William M Briggs mentions Laplace's Rule of Succession in a recent blog post. Briggs' is a blog about statistics and related matters that I highly recommend. Laplace used the rule, which relies on Bayes' Theorem, to calculate the probability that the sun will rise tomorrow. It is an elegant and fascinating bit of analysis. According to Wikipedia, Laplace's method give odds 1826250:1 in favour of the sun rising tomorrow.

But I beg to differ! Using Bayesian analysis, I calculate that the probability that the sun will rise tomorrow is 1/2!

Here is my argument. Let N+1 be the number of days from the start of history through tomorrow. Suppose at first that we know nothing about the sun, neither the related physics nor the past history of its rising. This was Laplace's assumption as well. Suppose we only know that the sun rises on some subset of the N+1 days in question. With only this knowledge, we assume a uniform prior probability distribution on this subset. Thus we assume that all 2^(N+1) possible subsets of the N+1 days are equally likely to be the sun-rising subset, each having probability 2^(-N-1). Now suppose we are given additional knowledge, specifically that the sun rose on the first N days. There are then only two possibilities for the sun-rising subset: the set of all N+1 days, and the set that contains only the first N days. By our prior assumption, and a trivial application of Bayes Rule, we see that each of these possibilities now has the posterior probability of 1/2. Thus the probability of the sun rising tomorrow is 1/2.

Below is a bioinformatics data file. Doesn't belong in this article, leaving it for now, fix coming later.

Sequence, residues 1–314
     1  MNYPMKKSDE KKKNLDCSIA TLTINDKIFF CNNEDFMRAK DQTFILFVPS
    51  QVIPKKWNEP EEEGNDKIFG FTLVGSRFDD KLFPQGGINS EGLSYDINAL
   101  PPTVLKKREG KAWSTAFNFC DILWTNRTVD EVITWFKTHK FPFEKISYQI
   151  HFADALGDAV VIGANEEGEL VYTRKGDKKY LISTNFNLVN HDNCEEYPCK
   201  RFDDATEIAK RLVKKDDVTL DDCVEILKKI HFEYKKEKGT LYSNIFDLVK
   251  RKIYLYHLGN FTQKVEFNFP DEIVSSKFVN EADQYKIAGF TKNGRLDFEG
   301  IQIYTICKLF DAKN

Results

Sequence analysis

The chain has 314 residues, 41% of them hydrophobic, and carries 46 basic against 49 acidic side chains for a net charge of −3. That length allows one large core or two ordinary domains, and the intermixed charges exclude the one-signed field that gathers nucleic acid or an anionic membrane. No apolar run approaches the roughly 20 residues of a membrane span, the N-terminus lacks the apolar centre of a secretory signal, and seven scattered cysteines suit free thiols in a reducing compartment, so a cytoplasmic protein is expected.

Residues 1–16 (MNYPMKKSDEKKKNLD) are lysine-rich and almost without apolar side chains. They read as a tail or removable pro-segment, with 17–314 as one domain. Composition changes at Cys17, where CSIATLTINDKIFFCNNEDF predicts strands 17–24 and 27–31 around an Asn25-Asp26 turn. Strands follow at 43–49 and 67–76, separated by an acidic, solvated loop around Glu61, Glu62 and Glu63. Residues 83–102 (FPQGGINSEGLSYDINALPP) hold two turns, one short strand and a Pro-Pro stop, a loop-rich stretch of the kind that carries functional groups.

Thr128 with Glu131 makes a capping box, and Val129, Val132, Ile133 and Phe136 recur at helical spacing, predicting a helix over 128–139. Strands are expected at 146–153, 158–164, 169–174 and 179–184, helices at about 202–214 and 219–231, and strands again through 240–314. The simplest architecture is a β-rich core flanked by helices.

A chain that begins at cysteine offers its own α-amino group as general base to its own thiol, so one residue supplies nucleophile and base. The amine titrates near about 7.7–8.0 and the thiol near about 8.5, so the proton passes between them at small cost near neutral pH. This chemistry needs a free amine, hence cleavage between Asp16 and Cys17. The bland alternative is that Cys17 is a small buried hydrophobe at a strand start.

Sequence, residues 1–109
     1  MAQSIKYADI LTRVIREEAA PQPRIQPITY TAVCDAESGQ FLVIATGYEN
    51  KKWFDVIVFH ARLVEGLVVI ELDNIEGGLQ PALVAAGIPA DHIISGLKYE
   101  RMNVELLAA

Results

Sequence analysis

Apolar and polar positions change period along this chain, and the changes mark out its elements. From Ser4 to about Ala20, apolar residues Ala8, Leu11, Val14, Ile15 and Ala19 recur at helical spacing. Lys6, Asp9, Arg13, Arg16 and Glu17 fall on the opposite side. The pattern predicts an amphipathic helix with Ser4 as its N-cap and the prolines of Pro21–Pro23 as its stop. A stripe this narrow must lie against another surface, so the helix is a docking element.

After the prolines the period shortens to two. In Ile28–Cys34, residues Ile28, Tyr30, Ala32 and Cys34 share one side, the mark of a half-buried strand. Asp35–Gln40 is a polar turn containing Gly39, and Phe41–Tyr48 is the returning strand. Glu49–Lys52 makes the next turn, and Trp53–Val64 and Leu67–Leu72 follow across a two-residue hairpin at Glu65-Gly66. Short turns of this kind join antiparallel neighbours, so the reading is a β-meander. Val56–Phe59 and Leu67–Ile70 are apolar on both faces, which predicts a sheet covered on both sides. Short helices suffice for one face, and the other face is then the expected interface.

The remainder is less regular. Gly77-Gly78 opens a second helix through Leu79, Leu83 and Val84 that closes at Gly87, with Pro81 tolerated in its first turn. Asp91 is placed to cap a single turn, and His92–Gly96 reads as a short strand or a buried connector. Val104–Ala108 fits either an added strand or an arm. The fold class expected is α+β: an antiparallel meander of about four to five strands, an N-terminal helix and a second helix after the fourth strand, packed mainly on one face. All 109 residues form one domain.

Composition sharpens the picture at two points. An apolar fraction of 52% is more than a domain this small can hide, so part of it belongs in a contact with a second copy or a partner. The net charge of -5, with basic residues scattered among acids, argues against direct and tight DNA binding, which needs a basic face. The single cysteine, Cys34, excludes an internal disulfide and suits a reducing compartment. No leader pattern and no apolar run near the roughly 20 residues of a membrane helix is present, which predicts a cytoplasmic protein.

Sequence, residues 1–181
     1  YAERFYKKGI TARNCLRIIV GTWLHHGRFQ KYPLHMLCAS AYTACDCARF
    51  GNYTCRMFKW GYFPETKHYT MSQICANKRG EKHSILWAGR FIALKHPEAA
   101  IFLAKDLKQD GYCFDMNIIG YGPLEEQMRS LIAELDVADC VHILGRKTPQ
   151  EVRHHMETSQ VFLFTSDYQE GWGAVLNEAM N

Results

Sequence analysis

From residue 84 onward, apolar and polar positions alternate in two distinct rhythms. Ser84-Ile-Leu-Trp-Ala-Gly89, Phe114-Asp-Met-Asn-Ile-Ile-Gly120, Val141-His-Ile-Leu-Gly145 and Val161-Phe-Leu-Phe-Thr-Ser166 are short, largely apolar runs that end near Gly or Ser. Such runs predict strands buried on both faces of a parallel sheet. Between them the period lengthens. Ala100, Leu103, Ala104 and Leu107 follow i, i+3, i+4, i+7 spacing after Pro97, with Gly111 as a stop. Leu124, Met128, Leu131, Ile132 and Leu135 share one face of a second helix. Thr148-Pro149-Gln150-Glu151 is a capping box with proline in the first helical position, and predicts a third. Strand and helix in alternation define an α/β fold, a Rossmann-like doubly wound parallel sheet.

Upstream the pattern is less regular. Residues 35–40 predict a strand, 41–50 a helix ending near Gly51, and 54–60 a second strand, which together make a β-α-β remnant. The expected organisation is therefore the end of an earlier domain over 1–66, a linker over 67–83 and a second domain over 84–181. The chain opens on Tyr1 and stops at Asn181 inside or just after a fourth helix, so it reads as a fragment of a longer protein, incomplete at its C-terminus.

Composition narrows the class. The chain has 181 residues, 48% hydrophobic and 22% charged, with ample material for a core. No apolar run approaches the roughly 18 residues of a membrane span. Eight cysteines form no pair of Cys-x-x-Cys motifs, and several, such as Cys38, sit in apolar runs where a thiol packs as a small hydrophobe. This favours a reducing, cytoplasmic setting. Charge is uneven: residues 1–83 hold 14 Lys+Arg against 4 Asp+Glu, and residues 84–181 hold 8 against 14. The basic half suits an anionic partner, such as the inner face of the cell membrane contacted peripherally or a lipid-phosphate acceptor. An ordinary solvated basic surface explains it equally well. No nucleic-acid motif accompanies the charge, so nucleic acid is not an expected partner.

Put that in your pipe and smoke it! Related post here.

## 1 comments:

Its only 1/2 if you assume independence between the days. A rising sun isn't exactly a coin flip.

And you have to factor in the evidence that the sun rose everyday while you were alive. When you do that, you'll see that the probability that sun will rise the next day given the evidence of it rising previously will be much higher than 1/2. It'll be very close to 1.

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